The New York State Department of Environmental Conservation has ordered 47 acres of East Hampton Airport added to the “Superfund” hazardous waste site list, in the wake of its investigation of chemical contamination of groundwater in southern Wainscott.
After a year-long investigation, the DEC identified a half-dozen sites on the 570-acre airport property that showed elevated levels of contamination by the chemicals PFOS and PFOA, which it has now recommended be added to the state Registry of Inactive Hazardous Waste Disposal Sites.
All of the locations of elevated contamination, which are scattered around the property, have some connection to the use of fire-suppressant foams.
The two chemicals found were commonly used in making fire-suppressant foams commonly used to put out fires at airports until about 2005. In its report on the East Hampton Airport investigation last fall, the DEC identified several instances of the foams being sprayed during emergency training drills or in response to crashes at the airport dating back to the 1980s.
Included in the locations that will be added to the Superfund list is the area around the airport terminal, which had been the site of an emergency drill before the current terminal building was constructed. Other locations are along Industrial Road and Daniels Hole Road and at the end of one of the airport runways where a plane crashed.
The discovery of groundwater contamination by PFOS/PFOA has mushroomed nationwide in recent years, most often in areas surrounding airports where fire-supressant foams had been stored or used in drills and emergency responses. There are dozens of lawsuits pending against the handful of companies, including the chemical giant 3M, that manufactured the foams. East Hampton Town and a Wainscott resident have both filed lawsuits against 3M and other foam manufacturers.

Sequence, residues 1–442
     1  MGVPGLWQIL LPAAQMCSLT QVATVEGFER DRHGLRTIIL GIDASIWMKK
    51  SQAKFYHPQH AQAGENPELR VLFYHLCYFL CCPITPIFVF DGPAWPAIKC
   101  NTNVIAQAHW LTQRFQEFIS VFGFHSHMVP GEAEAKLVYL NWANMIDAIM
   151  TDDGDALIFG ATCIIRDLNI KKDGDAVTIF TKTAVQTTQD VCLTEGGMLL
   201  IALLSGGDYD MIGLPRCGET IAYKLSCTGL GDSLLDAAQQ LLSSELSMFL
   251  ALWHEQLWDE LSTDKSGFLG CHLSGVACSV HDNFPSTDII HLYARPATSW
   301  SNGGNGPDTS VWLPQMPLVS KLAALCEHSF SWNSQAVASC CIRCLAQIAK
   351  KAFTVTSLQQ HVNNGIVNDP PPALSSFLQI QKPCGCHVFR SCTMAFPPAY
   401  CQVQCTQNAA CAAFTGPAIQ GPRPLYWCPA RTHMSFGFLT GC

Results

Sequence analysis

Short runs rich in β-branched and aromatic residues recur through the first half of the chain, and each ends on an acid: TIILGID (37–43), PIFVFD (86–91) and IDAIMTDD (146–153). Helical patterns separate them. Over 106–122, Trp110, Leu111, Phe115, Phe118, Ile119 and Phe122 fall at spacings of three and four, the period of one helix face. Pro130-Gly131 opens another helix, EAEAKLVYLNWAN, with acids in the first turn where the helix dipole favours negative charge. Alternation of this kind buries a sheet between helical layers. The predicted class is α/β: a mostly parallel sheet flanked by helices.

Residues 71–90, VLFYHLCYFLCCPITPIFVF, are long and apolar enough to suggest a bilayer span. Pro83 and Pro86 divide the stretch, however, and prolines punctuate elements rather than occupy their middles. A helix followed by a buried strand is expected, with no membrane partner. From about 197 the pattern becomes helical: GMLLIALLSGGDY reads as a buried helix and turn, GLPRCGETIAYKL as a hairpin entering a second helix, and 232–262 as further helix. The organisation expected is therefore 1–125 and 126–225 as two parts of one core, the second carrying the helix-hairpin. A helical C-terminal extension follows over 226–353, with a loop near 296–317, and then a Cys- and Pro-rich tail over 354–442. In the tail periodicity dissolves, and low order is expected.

After the PFOS/PFOA contamination was discovered in Wainscott in 2017, the town spurred a Suffolk County Water Authority project to extend county water mains to more than 500 homes in the southern portions of the hamlet, paid for with a $9.7 million grant from the state.
This week, East Hampton Town Supervisor Peter Van Scoyoc said the town will maintain a proactive approach to dealing with this issue.
“We’re committed to further investigation and engaging environmental experts and the DEC to remediate the contamination,” he said.
Francis S. Gabreski Airport in Westhampton has already been listed on the Superfund site list, following the discovery of PFOS/PFOA contamination in surrounding groundwater tables in 2015.
The two chemicals are among several that are known as “emerging contaminants” by regulatory agencies because their potential health effects are unknown and the agencies generally do not have standards for determining whether their presence in the environment is dangerous or not.
The chemicals were also common ingredients in waterproofing additives to a broad number of products, from pizza boxes to carpeting. They have largely been eliminated from use in products made in the United States but are still used in products imported from other countries.
The Suffolk County Water Authority has said that combating PFOS-PFOA and other emerging chemical contamination could cost it—and its ratepayers—as much as $1 billion in the coming years.